The sun was shining through the newly constructed McCann addition at Marist College
and all was well in the world. Birds were chirping, students were just starting to spend
time outside in the nice weather, and the pristine gymnasiums were filled with people
trying to get some last few crunches in before spring break.
The funny part about all this is that a lot of the occupants in the gyms were seniors. That
is, seniors just trying to take full advantage of the new building just before they graduate
on what they thought would be a Saturday, May 23rd.
The sad part about this picture is that many of those same seniors never thought their
spring break would be extended by a week…and then another week…and then another
But there were also some seniors at Marist college who especially missed out on a lot.
Specifically, the seniors on the Marist men’s club volleyball team. They had been
blossoming into one of the better teams in the conference, and the season was shaping
up to be a memorable one, The 2020 NECVL (New England Club Volleyball League)
tournament was quickly approaching.
In fact, the Marist squad was on its way to another run at a national title in
Instead, the season, semester, and college careers of many were cut drastically short
due to the outbreak of the COVID-19 virus. The question many athletes, including the senior volleyball players found themselves asking is: what do we do now?
Well, for starters, binge watching all those shows on the ‘must watch’ lists can finally come to
fruition. But for the men’s volleyball seniors, that’s simply not enough.
According to senior libero and defensive specialist Brad Mobeck, the team joined in on
the infamous ‘pushup challenge’ internet trend. Aside from that he’s been staying in
shape by doing home workouts. He’s even been able to stay sane by doing a unique
form of art called ‘hydro dipping’. “You get a layer of water in a bucket, and you put spray paint over it,” Mobeck said. Then you dip an item in there and it covers it in paint in a really interesting design.”
Another senior, outside hitter Reno Williams, his time off has been all business…and
some pleasure. “I currently work a job with my cousin in Oregon,” Williams said. “I also do little workouts here in there. I’ve been running a lot more, binge watching a lot of TV shows, YouTube, and Tik Tok.”
While these hobbies and pastimes do alleviate some of the quarantine blues so many suffer from, the social distancing is definitely taking its toll on the team. The team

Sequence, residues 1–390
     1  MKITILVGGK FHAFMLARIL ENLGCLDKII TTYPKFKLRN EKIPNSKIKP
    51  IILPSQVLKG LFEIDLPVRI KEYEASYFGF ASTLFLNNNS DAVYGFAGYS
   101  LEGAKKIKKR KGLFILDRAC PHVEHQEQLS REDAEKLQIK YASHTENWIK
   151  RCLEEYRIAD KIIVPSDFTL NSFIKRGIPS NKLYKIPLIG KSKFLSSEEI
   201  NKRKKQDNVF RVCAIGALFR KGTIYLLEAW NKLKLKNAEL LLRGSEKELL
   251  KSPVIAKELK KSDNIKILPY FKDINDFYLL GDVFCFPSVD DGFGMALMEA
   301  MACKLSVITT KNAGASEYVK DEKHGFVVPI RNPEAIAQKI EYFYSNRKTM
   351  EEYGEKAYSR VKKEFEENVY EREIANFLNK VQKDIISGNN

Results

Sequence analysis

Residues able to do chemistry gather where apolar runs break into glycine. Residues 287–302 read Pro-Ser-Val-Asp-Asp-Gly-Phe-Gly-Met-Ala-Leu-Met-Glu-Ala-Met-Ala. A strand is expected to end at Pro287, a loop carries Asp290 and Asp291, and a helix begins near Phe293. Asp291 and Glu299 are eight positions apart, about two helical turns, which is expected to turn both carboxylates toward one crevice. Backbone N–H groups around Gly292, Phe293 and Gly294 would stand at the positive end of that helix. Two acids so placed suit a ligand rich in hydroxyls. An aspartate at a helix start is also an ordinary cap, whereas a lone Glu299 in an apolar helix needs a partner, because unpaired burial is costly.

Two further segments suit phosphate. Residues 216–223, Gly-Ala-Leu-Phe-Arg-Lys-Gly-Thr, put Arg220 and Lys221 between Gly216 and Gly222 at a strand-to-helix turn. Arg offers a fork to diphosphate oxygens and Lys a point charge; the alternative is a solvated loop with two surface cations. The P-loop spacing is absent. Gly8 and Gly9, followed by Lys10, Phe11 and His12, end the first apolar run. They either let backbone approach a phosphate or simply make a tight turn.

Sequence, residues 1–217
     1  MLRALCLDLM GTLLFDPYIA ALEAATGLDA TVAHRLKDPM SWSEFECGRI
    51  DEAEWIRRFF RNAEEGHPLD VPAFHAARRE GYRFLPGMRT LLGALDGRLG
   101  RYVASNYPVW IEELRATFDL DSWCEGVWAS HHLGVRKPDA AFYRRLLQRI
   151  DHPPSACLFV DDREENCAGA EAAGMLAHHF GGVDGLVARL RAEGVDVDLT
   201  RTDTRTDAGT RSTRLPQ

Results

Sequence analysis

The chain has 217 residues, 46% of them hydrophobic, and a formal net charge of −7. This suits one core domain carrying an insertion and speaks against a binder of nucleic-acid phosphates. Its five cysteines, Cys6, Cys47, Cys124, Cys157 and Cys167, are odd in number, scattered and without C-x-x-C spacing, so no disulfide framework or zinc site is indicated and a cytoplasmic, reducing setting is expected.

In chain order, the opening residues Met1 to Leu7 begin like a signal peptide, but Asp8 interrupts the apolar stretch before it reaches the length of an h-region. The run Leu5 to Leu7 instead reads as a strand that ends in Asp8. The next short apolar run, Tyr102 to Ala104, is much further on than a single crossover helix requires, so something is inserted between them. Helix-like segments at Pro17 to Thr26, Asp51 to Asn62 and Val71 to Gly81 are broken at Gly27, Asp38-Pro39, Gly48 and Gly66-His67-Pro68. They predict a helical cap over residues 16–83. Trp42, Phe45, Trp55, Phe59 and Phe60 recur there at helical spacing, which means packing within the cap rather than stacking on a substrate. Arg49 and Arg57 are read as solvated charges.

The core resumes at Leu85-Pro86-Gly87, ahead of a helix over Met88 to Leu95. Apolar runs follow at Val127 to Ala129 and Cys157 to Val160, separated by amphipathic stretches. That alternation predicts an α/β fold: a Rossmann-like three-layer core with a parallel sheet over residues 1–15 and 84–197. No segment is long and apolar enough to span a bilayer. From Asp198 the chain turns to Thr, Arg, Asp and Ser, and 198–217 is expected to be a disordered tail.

aspect of sports and the camaraderie formed is something that many athletes do not take
for granted, and team bonding is a constant in nearly all sports.
With that being said, Marist students come from all over, not being able to see fellow
teammates certainly does not help the volleyball withdrawals, especially for people like
Reno Williams who live on the other coast of the country.
“The worst part about not having volleyball has been not being able to see my
teammates,” Williams said, “I miss them a lot, I was with them for literally four to six
days of the week for two hours at least or more”
As far as volleyball goes, lots of members of the team were looking forward to the
intensity that comes from playing against rival schools in the NECVL tournament, a
couple of which strongly dislike Marist.
Mobeck said, “It’s either UConn B or the Community College of Rhode Island. Both of
those teams have a vendetta against us. A lot of teams don’t like us.”
Unfortunately, since Marist was unable to physically compete in the NECVL tournament
this year, the club volleyball team was forced to explore other virtual alternatives.
About a week and a half ago, a poll was released on Instagram by the National Club
Volleyball Federation (NCVF) account, which Marist participated in. Fans, students, and
players alike were able to vote on their predictions for what could have been.
Marist advanced to the championship round in the poll and lost, but not for a lack of
trying. Given the fact that Marist was en route to a three-peat, the outcome in real life
may have been different.
All in all, nothing can substitute for playing the actual game but Mobeck will always
appreciate the support for his club team. “It was really nice to get the support from everybody,” said Mobeck. “But it also would have been nice to actually go and take home a championship for them.”
For now, all the men’s volleyball team can do is keep in touch from home over video
chat and text, along with the simple medicine of cherishing the memories from the past
four years at Marist.
Reno Williams certainly will not forget the successes of the team anytime soon though.
The success in a virtual poll doesn’t even come close to the feeling of gratitude for a
successful campaign on the court.
His favorite memory?
“Probably nationals last year,” he explained. “We were bronze winners which is
amazing to do at a national level playing against several other teams all across the
The reality has become alarmingly clear to some, just after spending a mere month in
quarantine: nothing can replace real-life sports or real-life interaction. Nothing compares
to the chills of going to nationals or even being at practice with best friends, otherwise
known as teammates.
And for the Marist men’s volleyball club team, nothing sure as hell beats the idea of
winning a third straight NECVL title. As the seniors close out another chapter of their
life, they will be watching next year’s team from a far, at least until quarantine is over.
Edited by Lily Caffrey-Levine
Header Photo Courtesy of Rich Kelly